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FROM THE PRESIDENT

Industrial Ecology and Sustainability

Sustainability—managing the earth and human use of its resources so as to keep human civilization going indefinitely—has become a popular and important idea. We want to manage our affairs, including industry, so as to minimize direct destruction of resources (for instance, the destruction of forests, agricultural lands and soils) by poisoning the world with pollutants or by "using up" materials. Energy sources and systems are very important, but the management of materials in both industrial and consumer activities is also a key to the avoidance of unsustainable practices. The National Academy of Engineering and a number of corporations, research groups and other private organizations have been developing concepts and operating systems to achieve more sustainable practices for the handling and use of materials. These concepts and systems build on a rapidly developing collection of knowledge and practices: life-cycle analysis, "green design" (environmentally sensitive design), knowledge about the use of materials in product designs and manufacturing processes, industrial metabolism (analysis of the flow of materials through the industrial system and into the environment), the reuse and recycling of subsystems, parts and materials, and the control and elimination of waste materials and pollution.

What is now called "industrial ecology" brings these developments together into a systems view of industry, seen by analogy with natural ecosystems as a collection of industrial organisms organized into a network through which flow energy and used and reused materials, and from which come products and services. We can study material civilization as an ecological network involving industry, consumers and the natural environment. This large-scale system view illuminates new possibilities for connections in the material and energy web, and new ways to minimize or eliminate environmentally destructive effects of human activities.

I have been involved with the development of industrial ecology since it began some years ago, stimulated by Robert U. Ayres's work in industrial metabolism, growing through a series of workshops conducted by the National Academy of Engineering, and through the work of a network of academic, industrial, non-government organization and government colleagues. (See, for example, Industrial Metabolism: Theory and Policy, Ayres, R. U., pp. 23–37, and other papers in The Greening of Industrial Ecosystems, ed. B. R. Allenby and D. J. Richards, National Academy Press, Washington, 1994, and The Industrial Green Game, ed. D. J. Richards, National Academy Press, 1997). This new field now has its own refereed professional journal: The Journal of Industrial Ecology, published by MIT Press. The journal will address a series of related topics, including: material and energy flows studies ("industrial metabolism"), dematerialization and decarbonization, life-cycle planning, design and assessment, design for the environment, extended producer responsibility ("product stewardship"), eco-industrial parks ("industrial symbiosis"), product-oriented environmental policy, and eco-efficiency.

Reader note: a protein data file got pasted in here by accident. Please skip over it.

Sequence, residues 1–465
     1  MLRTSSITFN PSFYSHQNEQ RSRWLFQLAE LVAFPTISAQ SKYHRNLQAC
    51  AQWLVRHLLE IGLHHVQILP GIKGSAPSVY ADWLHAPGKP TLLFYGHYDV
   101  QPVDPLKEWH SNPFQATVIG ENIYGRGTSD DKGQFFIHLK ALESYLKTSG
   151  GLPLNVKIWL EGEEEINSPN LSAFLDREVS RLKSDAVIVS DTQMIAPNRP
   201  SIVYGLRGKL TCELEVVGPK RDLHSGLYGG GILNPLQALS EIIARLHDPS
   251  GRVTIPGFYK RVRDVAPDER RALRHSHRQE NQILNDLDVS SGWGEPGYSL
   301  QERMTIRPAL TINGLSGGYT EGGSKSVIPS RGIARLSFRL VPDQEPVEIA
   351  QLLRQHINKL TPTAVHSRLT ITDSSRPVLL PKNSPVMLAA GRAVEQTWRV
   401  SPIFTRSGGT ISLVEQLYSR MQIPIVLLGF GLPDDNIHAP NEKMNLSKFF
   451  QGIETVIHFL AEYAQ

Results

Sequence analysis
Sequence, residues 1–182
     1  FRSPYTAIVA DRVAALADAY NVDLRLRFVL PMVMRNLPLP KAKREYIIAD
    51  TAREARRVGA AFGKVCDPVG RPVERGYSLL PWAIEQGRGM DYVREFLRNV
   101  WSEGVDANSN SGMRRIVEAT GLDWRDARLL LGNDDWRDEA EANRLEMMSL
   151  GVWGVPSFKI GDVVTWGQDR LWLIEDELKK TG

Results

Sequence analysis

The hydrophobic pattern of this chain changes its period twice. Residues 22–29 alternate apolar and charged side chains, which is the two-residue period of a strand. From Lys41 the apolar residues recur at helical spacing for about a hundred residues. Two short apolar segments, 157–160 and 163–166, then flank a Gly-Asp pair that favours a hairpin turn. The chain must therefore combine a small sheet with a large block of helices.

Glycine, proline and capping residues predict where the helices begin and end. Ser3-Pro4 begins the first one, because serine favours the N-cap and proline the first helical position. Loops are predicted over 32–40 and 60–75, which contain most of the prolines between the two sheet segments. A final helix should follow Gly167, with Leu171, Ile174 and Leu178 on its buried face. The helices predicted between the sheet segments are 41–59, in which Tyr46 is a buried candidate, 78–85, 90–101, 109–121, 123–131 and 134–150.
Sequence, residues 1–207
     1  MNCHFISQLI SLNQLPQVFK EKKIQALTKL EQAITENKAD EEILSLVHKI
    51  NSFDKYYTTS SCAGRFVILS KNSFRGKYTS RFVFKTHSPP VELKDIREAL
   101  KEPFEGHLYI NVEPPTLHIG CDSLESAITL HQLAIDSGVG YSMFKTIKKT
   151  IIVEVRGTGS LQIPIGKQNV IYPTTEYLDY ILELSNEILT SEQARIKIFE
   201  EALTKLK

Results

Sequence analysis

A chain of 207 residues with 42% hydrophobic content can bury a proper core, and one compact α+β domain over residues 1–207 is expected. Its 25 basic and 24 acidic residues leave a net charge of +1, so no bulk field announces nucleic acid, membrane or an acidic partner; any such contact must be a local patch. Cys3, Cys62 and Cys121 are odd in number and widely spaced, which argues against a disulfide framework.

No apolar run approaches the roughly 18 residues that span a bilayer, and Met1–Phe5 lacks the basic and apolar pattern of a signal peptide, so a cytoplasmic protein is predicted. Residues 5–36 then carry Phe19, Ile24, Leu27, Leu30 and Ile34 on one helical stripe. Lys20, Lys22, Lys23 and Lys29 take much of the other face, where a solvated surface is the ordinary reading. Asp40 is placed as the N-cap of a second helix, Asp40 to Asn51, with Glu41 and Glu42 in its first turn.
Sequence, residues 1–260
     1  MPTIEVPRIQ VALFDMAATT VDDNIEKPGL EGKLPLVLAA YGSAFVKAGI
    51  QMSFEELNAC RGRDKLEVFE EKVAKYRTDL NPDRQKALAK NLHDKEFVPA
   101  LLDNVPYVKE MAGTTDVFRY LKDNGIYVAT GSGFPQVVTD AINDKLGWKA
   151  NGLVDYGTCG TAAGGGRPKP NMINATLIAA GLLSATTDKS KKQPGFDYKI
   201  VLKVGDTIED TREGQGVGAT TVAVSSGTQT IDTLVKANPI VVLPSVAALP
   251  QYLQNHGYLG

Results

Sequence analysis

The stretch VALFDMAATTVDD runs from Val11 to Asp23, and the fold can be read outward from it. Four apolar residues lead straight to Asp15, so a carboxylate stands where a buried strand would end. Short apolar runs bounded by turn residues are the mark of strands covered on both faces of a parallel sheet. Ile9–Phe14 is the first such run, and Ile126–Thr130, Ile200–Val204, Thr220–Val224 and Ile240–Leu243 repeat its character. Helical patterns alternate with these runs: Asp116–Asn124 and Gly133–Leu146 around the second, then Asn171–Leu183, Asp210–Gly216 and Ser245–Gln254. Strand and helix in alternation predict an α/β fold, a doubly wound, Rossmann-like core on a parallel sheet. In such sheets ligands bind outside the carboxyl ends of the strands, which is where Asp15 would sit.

More information about the journal can be found on the World Wide Web at http://mitpress.mit.edu/JIE. Many of us hope that this growing system view of industry and environment will continue to have a useful influence on industrial practices.

Robert A. Frosch
President, Sigma Xi

 

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